I am interested in the geological study of the solid bodies in our solar system, from the icy ocean worlds, to the planets Mars and Earth, and the asteroids. I’m particularly interested in using laboratory experiments paired with remote sensing to characterize and understand mineralogical and geochemical processes active on planetary surfaces. I am interested in the geological evolutionary history of our solar system, and how this history of changes can be constrained through the advancement of analytical techniques applied via remote sensing and laboratory experiments. I find I’m drawn to research at the nexus of geology, physics, and engineering, and the field of planetary science frequents this cross-over space.

Remote sensing of extreme icy environments

Remote sensing measurements of a planetary surface are sensitive not only to the composition of the surface, but also to the environment from which the measurement was taken. I'm interested in how the extreme environmental conditions on icy small bodies alter the types of compositional information measured by planetary spacecraft. These extreme environments are replicated in the laboratory and include mimicking the vacuum of space, the coldness of an airless body, and the high radiation present at the surface of Europa. I apply laboratory experiments to understand how extreme environmental conditions on ocean worlds such as Europa will affect compositional data collected by planetary spacecraft. Understanding these will advance our ability to interpret possible biosignatures measured and will aid in the search for life in the solar system. In addition to laboratory experiments, I also apply remote sensing techniques to planetary bodies including Europa and Ceres to seek a rigorous compositional understanding of these objects. This will provide the framework to ask questions about the origin of life and the presence of currently habitable niches.

Advancing thermal infrared spectroscopy of airless bodies

I’m interested in advancing thermal infrared spectroscopy as a tool for the mineralogical investigation of airless planetary surfaces. These surfaces are affected by a multitude of factors that are significantly different than the ambient laboratory, but, in particular, the vacuum environment sets up strong near-surface thermal gradients that significantly alter thermal infrared spectra. To accurately interpret thermal infrared data of airless bodies, it is necessary to first understand how the thermophysical properties of planetary materials affect emissivity spectra under cold, vacuum conditions in a controlled laboratory setting. This is achieved through careful analysis of candidate planetary materials in chambers mimicking the environment of airless planetary surfaces. I’m working on advancing our ability to increase the spectral precision and radiometric accuracy of remotely sensed thermal infrared data, and our ability to interpret the mineralogy and geochemical history of a surface from these spectra.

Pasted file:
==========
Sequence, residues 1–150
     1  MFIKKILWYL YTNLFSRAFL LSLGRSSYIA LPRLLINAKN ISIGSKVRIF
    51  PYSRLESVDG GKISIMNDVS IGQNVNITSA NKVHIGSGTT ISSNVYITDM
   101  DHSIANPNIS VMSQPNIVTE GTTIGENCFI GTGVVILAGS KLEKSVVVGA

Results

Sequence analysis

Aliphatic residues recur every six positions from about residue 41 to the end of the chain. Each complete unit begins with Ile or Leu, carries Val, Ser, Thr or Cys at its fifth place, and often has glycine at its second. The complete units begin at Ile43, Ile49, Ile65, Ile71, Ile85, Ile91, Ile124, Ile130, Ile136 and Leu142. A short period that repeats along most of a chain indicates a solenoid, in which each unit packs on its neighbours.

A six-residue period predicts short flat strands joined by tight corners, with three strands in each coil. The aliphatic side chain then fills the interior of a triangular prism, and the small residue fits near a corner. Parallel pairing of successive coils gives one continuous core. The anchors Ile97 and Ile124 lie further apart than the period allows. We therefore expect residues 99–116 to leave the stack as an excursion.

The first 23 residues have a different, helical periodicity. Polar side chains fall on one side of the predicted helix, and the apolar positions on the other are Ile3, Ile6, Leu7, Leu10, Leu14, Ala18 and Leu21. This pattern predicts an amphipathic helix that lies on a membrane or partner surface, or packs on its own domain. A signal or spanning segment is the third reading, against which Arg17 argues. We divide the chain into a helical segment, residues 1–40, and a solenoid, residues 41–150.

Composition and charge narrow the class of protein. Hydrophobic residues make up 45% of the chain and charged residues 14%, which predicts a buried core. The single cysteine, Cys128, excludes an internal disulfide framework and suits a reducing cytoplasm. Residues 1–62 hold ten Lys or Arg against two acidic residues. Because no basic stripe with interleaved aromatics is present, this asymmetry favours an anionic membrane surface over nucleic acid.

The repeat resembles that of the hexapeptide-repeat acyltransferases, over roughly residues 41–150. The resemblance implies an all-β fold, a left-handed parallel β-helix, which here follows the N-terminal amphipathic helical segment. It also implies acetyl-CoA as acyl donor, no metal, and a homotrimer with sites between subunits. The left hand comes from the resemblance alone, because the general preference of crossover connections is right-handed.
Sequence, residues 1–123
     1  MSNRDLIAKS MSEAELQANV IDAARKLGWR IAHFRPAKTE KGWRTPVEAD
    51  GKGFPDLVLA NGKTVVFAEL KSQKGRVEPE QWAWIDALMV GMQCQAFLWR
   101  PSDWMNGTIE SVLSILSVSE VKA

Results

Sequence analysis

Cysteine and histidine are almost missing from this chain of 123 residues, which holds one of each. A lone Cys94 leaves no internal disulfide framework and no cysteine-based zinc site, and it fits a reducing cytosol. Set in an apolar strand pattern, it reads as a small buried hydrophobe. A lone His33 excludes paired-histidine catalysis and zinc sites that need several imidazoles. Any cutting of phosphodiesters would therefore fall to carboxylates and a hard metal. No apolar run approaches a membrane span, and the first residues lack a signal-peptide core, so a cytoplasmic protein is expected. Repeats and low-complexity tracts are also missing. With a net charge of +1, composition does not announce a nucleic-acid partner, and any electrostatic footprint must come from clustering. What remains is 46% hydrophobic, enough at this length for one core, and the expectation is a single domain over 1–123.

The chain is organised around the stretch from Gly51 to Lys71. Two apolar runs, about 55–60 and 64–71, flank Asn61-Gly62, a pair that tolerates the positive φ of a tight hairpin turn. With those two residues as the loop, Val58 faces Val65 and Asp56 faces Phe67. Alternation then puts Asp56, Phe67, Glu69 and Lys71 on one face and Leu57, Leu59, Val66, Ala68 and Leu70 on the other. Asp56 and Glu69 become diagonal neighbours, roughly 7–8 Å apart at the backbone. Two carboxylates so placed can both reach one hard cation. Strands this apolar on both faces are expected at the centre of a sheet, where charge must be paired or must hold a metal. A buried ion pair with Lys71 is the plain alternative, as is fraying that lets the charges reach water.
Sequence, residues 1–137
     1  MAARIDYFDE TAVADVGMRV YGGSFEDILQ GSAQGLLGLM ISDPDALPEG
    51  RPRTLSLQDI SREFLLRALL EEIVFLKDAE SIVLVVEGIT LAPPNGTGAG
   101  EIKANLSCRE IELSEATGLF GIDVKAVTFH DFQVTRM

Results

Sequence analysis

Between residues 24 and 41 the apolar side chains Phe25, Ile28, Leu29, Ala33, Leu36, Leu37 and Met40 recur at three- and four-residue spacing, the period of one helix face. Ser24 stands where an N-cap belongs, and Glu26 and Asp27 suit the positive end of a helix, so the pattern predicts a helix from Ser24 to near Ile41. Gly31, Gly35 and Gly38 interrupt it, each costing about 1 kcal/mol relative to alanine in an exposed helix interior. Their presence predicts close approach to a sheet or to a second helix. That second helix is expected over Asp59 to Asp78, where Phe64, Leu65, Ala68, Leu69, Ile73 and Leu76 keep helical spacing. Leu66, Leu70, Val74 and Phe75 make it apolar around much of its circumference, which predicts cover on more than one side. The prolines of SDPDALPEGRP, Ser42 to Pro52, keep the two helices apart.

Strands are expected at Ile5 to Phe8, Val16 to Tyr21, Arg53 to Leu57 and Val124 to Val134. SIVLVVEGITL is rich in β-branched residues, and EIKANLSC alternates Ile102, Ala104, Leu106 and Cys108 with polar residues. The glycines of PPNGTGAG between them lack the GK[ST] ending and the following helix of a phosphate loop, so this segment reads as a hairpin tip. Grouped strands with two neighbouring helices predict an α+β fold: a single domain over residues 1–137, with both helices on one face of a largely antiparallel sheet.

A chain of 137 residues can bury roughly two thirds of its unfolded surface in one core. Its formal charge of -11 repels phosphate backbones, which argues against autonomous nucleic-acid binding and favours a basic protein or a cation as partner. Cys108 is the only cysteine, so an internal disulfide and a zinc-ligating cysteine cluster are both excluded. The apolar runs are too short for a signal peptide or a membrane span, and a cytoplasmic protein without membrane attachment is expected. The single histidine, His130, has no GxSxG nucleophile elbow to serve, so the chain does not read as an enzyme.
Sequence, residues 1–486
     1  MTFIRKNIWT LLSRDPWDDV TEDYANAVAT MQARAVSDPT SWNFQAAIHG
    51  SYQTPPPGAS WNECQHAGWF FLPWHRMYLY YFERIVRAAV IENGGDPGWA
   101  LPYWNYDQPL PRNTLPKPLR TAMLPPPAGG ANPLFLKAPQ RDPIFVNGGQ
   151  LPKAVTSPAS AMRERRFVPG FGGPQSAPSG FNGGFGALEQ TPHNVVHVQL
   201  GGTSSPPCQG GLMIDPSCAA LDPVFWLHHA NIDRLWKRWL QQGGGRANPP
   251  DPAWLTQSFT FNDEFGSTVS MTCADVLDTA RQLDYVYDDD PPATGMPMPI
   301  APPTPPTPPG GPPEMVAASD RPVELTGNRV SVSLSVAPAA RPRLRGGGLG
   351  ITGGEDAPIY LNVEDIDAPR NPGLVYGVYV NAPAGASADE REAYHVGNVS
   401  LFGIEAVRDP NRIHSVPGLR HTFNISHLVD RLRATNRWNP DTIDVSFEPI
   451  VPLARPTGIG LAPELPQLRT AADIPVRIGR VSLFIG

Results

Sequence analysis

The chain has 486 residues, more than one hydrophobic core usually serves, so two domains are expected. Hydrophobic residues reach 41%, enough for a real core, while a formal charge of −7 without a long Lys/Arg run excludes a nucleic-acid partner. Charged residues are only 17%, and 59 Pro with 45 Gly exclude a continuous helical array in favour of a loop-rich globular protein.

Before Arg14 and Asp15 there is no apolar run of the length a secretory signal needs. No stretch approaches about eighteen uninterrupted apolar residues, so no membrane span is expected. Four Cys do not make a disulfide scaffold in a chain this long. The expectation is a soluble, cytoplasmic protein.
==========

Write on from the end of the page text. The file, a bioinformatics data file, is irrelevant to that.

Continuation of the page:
Relevant publications and abstracts:

Remote sensing of the martian surface

I am interested in synthesizing remotely sensed data collected by orbital instruments to understand the geological evolution of the martian crust and constraining mineralogical and morphological signatures of environments that could have supported life. I pursue this by using spacecraft observations from instruments such as the Compact Reconnaissance Imaging Spectrometer for Mars (CRISM) or the High Resolution Imaging Science Experiment (HiRISE) to constrain the geological context of outcrops bearing mineralogical clues to the past near-surface environments at these locations. More broadly, I apply remote sensing techniques to characterize planetary surface processes recorded in rocks exposed at the surface. This is quantitatively achieved via the integration of several orbital data sets, and through comparative planetology with the Earth.

Relevant publications and abstracts: 

M. S. Bramble, T. A. Goudge, R. E. Milliken, and J. F. Mustard. 2019. Testing the Deltaic Origin of Fan Deposits at Bradbury Crater, Mars. Icarus 319, 363–366. doi:10.1016/j.icarus.2018.09.024 (PDF)